TeachWithMovies.com Announces New ELA Lesson Plan Materials for the Hero’s Journey of Personal Growth and Development

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New English Language Arts lesson plan materials for Joseph Campbell’s Hero’s Journey have just been published by TeachWithMovies.com, including an explanatory student handout, a worksheet with which to analyze the stages and archetypes of the Journey, and learning guides for popular movies in which the Journey appears. These films include “The Wizard of Oz,” “Fly Away Home,” and “Casablanca”, each of which tells the story of an internal Journey of psychological growth and development.

TeachWithMovies.com Presents Nonfiction Learning Guide to Into the Wild

TeachWithMovies.com provides Lesson Plans & Learning Guides to over 350 films.

TWM’s Hero’s Journey student handout and worksheet enable teachers to quickly create lesson plans for any story involving the Hero’s Journey.

Joseph Campbell’s Hero’s Journey is more than just ancient myth; it’s a basic pattern of human existence found in life and in literature. When used in lesson plans, for English Language Arts classes, the Journey provides an excellent way to elucidate theme, plot and character. For ELA lesson plans, the most interesting application of the Hero’s Journey is in stories of personal growth and development.

To allow ELA teachers to use the Hero’s Journey in their classes, TeachWithMovies.com has just released a student handout explaining the stages of the Journey and its archetypes, as well as a worksheet that can be used to analyze the Hero’s Journey in any story, filmed or written. TWM has also announced publication of lesson plan curriculum materials for three movies that employ the Hero’s Journey in an individual person’s quest for internal growth and development.

In the perennial favorite, “The Wizard of Oz ,” Dorothy passes through the stages of the Hero’s Journey. The story contains several archetypes including the Mentor (the witch Glinda), and the Shapeshifter (the Wizard). The elixir Dorothy brings back is not only the realization that there is “no place like home;” more importantly, Dorothy has learned, and the audience along with her, that to accomplish anything in life, you must first believe in yourself. Analyzing Dorothy’s journey as a Heroine’s Journey of internal growth and development provides a new and beneficial interpretation of the story.

Amy, the heroine of “Fly Away Home,” is just 13 years old, about the same age as Dorothy. She embarks on two almost simultaneous quests, both of which follow the stages of the Hero’s Journey and are populated by its archetypes. Her most important Journey is to recover from paralyzing grief arising from her mother's sudden death in a car accident. This is accomplished, in part, through a second quest in which Amy and her father teach a migration pattern to a flock of orphaned Canada Geese, leading them in ultra-light aircraft from Canadian nesting grounds in which they were born to a winter home in the United States.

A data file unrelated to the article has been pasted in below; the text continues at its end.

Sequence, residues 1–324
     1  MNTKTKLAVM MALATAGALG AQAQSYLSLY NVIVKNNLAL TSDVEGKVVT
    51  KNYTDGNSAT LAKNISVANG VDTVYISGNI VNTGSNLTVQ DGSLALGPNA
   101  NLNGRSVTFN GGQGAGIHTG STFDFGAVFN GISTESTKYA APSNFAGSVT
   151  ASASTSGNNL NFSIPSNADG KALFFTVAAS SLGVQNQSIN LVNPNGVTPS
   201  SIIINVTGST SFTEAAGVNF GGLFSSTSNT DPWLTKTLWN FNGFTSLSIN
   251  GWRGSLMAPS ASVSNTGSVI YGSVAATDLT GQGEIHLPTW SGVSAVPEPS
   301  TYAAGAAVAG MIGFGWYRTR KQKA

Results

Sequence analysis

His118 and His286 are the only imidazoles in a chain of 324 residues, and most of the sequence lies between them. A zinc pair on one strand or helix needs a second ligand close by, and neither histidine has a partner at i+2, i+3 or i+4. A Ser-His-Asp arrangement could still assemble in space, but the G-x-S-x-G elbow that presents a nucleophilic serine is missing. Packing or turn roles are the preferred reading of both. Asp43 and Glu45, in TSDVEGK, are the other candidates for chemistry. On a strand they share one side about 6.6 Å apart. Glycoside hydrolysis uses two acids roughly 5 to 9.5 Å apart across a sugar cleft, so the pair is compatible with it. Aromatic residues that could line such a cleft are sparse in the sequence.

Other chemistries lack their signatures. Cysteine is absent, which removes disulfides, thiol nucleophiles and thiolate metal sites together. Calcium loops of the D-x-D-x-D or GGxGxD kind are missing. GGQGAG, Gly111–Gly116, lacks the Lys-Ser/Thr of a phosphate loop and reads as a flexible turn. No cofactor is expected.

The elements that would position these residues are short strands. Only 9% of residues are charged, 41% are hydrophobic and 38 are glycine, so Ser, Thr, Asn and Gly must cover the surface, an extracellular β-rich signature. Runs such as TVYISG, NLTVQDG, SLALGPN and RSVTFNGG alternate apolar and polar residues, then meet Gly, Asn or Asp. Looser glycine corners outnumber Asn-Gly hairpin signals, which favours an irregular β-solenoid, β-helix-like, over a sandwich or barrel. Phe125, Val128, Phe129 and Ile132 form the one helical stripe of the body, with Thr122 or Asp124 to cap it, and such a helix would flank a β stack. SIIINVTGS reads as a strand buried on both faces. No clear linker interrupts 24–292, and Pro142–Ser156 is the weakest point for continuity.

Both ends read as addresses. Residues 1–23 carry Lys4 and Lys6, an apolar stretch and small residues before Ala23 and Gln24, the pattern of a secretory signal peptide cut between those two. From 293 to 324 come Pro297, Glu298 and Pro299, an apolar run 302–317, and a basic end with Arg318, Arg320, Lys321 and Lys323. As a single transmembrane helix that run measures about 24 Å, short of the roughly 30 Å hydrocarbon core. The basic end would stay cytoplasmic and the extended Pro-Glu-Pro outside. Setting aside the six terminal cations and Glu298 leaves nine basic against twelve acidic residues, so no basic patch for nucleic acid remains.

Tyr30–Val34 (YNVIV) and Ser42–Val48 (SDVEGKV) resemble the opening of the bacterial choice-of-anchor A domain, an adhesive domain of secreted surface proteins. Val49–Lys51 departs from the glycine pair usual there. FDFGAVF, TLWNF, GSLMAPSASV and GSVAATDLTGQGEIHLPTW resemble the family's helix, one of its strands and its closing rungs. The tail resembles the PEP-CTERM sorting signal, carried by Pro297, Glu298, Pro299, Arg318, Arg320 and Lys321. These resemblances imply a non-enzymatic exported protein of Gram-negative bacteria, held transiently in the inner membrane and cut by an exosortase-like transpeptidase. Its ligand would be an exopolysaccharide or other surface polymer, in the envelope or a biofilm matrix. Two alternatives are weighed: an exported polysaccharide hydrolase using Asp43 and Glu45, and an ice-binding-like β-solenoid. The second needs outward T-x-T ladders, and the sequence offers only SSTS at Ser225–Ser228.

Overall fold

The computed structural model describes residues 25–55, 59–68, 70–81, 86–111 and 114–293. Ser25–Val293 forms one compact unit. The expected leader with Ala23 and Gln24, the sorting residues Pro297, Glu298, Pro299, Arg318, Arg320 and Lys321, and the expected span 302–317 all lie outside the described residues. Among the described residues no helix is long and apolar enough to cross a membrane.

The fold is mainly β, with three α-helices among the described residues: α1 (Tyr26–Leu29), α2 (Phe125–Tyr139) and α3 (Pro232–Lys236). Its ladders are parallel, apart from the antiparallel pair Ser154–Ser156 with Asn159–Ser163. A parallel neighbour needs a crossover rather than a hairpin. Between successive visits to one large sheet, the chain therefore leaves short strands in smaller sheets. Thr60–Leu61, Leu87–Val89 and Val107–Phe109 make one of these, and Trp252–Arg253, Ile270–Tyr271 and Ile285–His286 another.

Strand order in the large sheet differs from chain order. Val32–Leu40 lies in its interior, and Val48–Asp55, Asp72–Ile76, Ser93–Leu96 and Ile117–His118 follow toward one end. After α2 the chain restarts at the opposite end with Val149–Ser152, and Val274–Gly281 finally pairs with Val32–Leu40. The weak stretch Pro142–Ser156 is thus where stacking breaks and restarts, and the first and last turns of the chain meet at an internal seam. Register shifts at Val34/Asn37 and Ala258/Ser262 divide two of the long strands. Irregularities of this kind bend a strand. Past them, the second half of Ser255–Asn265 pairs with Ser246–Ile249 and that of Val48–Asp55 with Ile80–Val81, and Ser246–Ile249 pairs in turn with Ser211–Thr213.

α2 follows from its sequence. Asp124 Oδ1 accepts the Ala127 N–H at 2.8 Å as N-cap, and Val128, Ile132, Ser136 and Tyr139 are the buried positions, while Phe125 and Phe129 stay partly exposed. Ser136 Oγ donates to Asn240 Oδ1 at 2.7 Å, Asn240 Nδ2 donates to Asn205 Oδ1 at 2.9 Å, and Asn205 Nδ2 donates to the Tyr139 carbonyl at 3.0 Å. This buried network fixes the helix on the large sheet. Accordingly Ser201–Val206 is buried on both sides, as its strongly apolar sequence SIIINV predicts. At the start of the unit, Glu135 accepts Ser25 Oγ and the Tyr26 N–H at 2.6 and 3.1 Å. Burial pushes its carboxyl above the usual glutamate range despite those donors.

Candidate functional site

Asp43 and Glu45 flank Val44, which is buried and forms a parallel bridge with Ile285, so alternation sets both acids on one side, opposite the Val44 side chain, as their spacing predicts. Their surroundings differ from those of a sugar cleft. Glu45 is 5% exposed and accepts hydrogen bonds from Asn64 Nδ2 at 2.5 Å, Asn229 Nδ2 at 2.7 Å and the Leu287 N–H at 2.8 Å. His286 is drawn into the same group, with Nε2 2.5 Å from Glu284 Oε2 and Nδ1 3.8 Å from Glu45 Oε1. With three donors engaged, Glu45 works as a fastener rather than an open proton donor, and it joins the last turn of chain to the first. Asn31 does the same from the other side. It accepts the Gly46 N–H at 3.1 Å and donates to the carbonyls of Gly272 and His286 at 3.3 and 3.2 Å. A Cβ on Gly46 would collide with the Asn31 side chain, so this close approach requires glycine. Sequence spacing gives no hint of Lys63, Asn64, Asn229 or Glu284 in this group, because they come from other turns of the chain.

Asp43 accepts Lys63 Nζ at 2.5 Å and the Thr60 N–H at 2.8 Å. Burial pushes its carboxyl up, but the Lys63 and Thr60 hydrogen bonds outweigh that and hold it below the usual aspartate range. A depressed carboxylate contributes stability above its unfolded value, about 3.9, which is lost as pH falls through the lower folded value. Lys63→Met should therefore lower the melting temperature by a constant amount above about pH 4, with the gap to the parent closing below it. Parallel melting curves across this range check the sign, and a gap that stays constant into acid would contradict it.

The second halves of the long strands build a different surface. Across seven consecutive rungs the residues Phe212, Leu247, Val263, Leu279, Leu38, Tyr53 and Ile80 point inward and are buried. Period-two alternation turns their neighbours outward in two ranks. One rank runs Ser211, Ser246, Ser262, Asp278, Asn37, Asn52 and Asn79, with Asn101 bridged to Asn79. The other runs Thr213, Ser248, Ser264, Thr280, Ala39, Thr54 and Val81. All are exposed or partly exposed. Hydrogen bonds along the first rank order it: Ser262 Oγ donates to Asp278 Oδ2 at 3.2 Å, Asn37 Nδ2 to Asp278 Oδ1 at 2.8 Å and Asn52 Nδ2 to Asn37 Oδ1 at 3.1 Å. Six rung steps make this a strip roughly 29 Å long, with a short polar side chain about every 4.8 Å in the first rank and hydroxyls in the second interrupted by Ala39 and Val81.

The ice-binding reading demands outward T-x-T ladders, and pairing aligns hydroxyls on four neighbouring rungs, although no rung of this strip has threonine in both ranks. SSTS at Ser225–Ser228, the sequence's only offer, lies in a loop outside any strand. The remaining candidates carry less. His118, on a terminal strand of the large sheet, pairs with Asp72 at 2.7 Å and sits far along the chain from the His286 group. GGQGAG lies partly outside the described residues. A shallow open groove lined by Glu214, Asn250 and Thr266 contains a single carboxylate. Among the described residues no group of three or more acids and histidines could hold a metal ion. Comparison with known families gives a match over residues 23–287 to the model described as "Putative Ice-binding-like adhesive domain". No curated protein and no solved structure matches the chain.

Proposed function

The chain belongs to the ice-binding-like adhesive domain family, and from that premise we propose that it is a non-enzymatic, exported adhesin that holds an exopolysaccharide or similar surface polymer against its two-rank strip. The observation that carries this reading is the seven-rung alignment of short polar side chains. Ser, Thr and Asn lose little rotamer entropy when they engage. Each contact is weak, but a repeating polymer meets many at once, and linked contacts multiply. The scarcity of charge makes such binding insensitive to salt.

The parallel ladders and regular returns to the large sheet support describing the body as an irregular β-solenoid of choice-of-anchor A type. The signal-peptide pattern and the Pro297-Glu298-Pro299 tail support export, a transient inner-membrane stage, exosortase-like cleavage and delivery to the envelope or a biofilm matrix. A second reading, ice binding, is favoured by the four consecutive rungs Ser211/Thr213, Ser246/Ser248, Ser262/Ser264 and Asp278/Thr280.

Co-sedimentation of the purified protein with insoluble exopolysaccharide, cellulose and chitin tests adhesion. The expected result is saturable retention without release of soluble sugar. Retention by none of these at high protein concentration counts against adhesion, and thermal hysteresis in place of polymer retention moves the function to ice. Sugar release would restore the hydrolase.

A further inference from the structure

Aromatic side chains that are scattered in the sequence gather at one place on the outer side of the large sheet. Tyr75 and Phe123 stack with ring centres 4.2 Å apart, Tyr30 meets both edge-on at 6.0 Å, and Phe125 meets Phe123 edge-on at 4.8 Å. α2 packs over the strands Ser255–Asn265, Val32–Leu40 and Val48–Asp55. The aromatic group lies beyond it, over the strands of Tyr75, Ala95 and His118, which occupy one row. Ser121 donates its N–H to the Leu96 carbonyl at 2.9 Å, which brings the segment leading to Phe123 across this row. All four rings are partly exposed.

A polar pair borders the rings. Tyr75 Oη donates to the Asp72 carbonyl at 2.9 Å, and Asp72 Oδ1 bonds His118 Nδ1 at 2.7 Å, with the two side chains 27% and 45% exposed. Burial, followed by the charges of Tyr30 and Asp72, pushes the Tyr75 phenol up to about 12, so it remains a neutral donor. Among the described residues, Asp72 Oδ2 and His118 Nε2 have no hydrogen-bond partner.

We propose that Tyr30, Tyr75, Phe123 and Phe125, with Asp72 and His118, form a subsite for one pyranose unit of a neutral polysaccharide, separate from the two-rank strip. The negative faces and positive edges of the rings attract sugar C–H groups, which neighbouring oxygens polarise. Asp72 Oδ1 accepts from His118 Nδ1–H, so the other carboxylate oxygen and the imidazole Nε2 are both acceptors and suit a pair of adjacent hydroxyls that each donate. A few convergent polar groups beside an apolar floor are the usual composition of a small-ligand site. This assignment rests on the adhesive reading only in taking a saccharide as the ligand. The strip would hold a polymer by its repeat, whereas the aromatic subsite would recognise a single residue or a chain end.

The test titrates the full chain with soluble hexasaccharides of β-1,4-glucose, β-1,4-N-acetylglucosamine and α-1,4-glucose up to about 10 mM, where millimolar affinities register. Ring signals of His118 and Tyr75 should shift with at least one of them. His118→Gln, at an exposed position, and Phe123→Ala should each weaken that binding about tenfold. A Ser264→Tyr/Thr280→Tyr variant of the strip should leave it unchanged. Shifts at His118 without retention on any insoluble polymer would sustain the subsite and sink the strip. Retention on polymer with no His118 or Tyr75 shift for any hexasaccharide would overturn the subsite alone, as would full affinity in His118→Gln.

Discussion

Deborah Elliott, a teacher who has used the film in her classroom, notes: “In ‘Fly Away Home,’ Amy is aware of one endeavor but not the other. She knows that she wants to help the birds; however, she is unaware of her subconscious drive to work through grief to acceptance. This is frequently the case with a Hero’s Journey of internal growth and development; the hero can be completely unaware that he or she is on a quest. The impetus for the journey comes from deep in the subconscious.”

In “Casablanca,” Rick’s love for Ilsa leads him through the stages of the Hero’s Journey, from isolation and selfishness to engagement and sacrifice. The fact that the Hero’s Journey and its archetypes are evident in a classic tale of love and redemption, speaks to its power as a device to analyze story.

A good example is the scene in which Rick is mentored. The lead up occurs when Ilsa surprises Rick in his bedroom above the bar. She pulls a gun, and demands the safe-conduct passes. Unable to shoot, she pledges her love and asks Rick to think for them both. While Rick has already Crossed the First Threshold by allowing the orchestra to play “La Marseillaise,” thus insulting the Germans, neither Rick nor the audience know whether he will become a hero by following through with the Journey, especially now that he has the prospect of a life with the woman he loves.

The mentoring begins when Rick comes downstairs to speak with Laszlo and one of Rick’s employees who have suddenly come into the bar to hide from the police. Rick makes a particularly cynical remark and Laszlo responds, "You know how you sound, Monsieur Blaine? Like a man who's trying to convince himself of something he doesn't believe in his heart. Each of us has a destiny, for good or for evil. . . . I wonder if you know that you're trying to escape from yourself and that you'll never succeed." Laszlo has Rick figured out and is mentoring him toward the right path.

TWM’s Hero’s Journey student handout and worksheet enable teachers to quickly create lesson plans for any story involving the Hero’s Journey. In the coming year, TWM will publish additional lesson plan materials for movies that follow the paradigm of the Hero’s Journey.

TeachWithMovies.com is the premier site on the Internet showing teachers how to use feature films to enhance the classroom experience. The site offers thousands of pages of lesson plans and curriculum materials on more than 350 movies. The price for access to all TWM curriculum materials is $11.99 per year per teacher. Discounts are available for bulk purchases.

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James Frieden
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